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The Wrongologist

Geopolitics, Power and Political Economy

Maryland Ruling Shows Way Forward On Banning AR-15s

The Daily Escape:

Near the Cho La Pass, Nepal – 2018 photo by northern_eyes

It is another depressing week in America. Trump may, or may not fire Robert Mueller. Facebook is, or is not the enemy of the people. We will, or will not have a government shutdown on Friday. There is one or more bombers loose in Austin, TX.

And Maryland is in the news about guns, with yet another high school shooting on Tuesday in a town called Great Mills, MD, about 70 miles from Washington, DC.

The shooter is dead, killed by a single shot from an armed school resource officer. Two students were shot by the gunman, who used a pistol in his attack. Pat Elder told the Institute for Public Accuracy:

I was at Great Mills High School last night, teaching GED.

Elder is a director of an organization that confronts militarism in the schools. They just launched a new campaign to shut down high school marksmanship programs. Elder also said: (emphasis by Wrongo)

There are hundreds of trailer homes around the school. There’s tattoo shops and liquor stores. Nearby, there’s Lockheed and CACI and other military contractors….My son went to the school….Regardless of the specifics of this attack, we have to face up to the reality that militarization of our society, especially our schools, fuels the violence that causes so much suffering….

At least the Maryland school shooter only had a pistol. While it isn’t clear that the shooter only having a pistol is connected, Maryland’s law banning 45 kinds of assault weapons and its 10-round limit on gun magazines was upheld by the 4th US Circuit Court of Appeals in Richmond, VA in February. From NBC:

In a 10-4 ruling, the 4th US Circuit Court of Appeals in Richmond, Virginia, said the guns banned under Maryland’s law aren’t protected by the Second Amendment.

Judge Robert King wrote for the court:

Put simply, we have no power to extend Second Amendment protection to the weapons of war that the Heller decision explicitly excluded from such coverage….

He is referring to the Supreme Court’s earlier decision in District of Columbia v. Heller, which held that the Second Amendment protects an individual’s right to possess a firearm unconnected with service in a militia. You can read King’s opinion here.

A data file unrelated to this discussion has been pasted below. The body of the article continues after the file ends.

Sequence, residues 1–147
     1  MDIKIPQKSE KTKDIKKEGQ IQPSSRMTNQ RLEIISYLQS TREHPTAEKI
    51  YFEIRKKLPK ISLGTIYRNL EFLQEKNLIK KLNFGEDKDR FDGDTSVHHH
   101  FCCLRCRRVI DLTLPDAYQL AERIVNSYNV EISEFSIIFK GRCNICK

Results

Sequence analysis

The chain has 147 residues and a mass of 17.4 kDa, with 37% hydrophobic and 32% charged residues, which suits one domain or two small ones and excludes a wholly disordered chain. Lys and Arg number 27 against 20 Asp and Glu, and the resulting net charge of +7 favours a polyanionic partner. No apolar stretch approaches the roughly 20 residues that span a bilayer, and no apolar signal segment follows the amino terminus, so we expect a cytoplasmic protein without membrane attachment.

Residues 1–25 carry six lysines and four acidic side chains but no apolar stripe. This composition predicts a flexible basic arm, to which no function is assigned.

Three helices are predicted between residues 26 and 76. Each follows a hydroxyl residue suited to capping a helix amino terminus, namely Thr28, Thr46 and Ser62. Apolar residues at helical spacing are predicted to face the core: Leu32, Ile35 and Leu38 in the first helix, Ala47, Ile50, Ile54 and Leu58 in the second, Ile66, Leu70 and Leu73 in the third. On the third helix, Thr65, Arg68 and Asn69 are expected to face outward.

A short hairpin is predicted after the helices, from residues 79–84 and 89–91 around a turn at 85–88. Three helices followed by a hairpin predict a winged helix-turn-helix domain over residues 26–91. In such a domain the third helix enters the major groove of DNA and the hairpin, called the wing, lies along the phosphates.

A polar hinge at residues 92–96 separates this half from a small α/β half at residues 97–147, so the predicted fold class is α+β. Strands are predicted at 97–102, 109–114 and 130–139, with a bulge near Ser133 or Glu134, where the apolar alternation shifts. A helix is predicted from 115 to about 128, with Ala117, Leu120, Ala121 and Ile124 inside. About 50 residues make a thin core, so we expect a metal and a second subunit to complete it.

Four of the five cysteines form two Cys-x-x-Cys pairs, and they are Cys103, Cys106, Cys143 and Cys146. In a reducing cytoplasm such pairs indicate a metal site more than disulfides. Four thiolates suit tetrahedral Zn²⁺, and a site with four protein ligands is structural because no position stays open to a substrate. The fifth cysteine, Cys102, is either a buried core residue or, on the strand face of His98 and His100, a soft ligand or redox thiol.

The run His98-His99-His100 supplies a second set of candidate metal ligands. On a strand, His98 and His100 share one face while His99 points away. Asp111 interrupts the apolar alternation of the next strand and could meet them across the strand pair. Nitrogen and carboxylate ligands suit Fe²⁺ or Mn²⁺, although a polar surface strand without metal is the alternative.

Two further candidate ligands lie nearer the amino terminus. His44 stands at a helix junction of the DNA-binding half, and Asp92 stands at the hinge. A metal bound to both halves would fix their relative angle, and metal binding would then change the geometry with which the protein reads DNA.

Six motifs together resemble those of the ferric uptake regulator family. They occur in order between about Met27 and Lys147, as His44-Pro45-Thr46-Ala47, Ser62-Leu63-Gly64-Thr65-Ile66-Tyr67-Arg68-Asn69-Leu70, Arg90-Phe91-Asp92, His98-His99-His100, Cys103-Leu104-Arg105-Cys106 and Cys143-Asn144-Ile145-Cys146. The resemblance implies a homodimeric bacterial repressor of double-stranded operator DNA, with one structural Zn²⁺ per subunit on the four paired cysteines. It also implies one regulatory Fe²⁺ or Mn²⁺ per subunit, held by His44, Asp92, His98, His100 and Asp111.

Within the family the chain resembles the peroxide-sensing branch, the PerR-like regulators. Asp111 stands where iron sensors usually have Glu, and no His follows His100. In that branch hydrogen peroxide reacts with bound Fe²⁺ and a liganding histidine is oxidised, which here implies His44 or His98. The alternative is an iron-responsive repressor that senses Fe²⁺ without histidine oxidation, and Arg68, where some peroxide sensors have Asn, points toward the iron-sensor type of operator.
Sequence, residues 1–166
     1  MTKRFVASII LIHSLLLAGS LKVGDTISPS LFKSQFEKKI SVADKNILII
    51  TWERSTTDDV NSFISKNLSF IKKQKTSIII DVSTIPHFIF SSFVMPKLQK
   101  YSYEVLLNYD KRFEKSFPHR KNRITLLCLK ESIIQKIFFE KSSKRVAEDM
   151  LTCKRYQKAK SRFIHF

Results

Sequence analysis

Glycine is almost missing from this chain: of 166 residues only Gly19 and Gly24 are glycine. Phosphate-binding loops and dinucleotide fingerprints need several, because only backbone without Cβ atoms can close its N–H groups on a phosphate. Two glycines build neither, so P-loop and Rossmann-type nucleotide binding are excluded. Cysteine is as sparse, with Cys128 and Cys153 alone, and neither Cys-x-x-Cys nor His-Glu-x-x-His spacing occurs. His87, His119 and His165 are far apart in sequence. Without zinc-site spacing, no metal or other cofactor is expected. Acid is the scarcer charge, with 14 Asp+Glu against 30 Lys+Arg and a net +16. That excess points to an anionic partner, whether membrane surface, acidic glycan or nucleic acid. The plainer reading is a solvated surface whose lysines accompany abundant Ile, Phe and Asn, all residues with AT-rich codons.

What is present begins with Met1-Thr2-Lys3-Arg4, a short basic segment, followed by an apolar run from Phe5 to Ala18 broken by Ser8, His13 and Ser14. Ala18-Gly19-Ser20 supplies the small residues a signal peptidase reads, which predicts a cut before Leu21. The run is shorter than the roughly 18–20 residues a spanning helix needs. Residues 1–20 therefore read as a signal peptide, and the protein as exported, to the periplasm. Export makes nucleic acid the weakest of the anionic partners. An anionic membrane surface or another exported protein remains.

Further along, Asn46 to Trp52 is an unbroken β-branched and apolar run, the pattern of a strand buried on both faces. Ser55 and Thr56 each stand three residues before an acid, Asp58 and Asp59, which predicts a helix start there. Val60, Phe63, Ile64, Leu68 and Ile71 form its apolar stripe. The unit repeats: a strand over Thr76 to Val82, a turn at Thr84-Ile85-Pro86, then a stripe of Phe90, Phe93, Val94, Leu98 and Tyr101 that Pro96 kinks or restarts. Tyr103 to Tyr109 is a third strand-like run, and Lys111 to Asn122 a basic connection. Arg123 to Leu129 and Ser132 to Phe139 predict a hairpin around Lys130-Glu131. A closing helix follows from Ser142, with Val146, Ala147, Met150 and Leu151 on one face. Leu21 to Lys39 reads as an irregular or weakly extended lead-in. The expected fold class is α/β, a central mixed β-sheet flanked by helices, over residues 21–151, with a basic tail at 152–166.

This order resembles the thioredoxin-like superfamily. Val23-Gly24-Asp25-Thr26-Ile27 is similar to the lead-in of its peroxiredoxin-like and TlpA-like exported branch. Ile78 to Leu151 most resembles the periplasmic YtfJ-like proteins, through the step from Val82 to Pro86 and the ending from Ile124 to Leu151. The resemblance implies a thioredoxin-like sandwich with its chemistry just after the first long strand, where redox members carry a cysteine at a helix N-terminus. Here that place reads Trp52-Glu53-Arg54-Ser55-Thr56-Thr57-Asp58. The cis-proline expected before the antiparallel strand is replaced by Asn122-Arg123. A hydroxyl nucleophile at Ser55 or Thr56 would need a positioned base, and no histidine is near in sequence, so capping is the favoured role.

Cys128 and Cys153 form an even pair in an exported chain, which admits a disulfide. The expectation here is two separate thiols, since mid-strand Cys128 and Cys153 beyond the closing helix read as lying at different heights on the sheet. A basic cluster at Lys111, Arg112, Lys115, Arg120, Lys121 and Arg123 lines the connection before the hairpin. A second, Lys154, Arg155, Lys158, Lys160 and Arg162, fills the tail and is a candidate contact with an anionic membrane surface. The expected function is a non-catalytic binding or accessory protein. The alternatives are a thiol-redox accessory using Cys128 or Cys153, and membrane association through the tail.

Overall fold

King said that weapons similar to those banned by Maryland have been used to perpetrate mass shootings in places “whose names have become synonymous with the slaughters that occurred there.” King listed Newtown, Aurora, CO, San Bernardino, and Orlando in his opinion.

King also noted that Maryland’s enacting of the law is:

Precisely the type of judgment that legislatures are allowed to make without second-guessing by a court…. Simply put, the State has shown all that is required: a reasonable, if not perfect, fit between the (Firearms Safety Act) and Maryland’s interest in protecting public safety….

The purpose of laws such as the Maryland ban is to protect the public from the criminal misuse of highly dangerous weapons. Perhaps we are on a good arc with this ruling. It answers the question of whether the Second Amendment provides a blanket right of a citizen to own weapons of a very high degree of firepower and lethality.

Wrongo has fired the AR-15 and the M-15 many, many times. At one point, he could disassemble and reassemble the M-15 blindfolded. He has no issue with people owning guns. But, there can be no debate that semi-automatic weapons like the AR-15 have one purpose, the destruction of human life. These weapons of war don’t just kill people; they wound in ways which often make it exceedingly difficult to patch people back together again.

No law will ever stop someone with a pistol from shooting up a school. But it’s past time for rational Americans to seize control of the conversation about semi-automatic rifles, and change a few laws.

Make ‘em like Maryland’s.

Let’s hope that the ruling by the 4th US Circuit Court of Appeals is the first step in that direction.

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Sunday Cartoon Blogging – February 25, 2018

Well, two things Wrongo never thought would happen: Revived student activism, and the US winning an Olympic gold medal in Curling! Wrongo cares deeply about the former, but not so much about the latter.

The week was dominated by the continued fall-out from the Parkland shooting. The gun debate produced a rich harvest of appropriate cartoons, like showing how the NRA would re-write the Second Amendment:

The gun debate points out some GOP inconsistencies:

McConnell and Ryan try reframing the issue:

LaPierre has a message for Mitch:

NRA says only one Amendment really matters:

Trump says we should arm teachers and pay them bonuses for carrying. Think of the consequences:

Where teachers packing heat will lead:

And how would kids react to guns in the classroom?

 

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High School Kids Might Be the Real Justice League

The Daily Escape:

Sedona, AZ – 2017 photo by joanwood01

“There is no justice. The rich win; the poor are powerless. We become tired of hearing people lie. And after a time, we become dead, a little dead. We think of ourselves as victims – and we become victims. We become weak; we doubt ourselves; we doubt our beliefs; we doubt our institutions; and we doubt the law… If we are to have faith in justice, we need only to believe in ourselves and act with justice.”
— The closing argument by Paul Newman’s character in “The Verdict” (1982)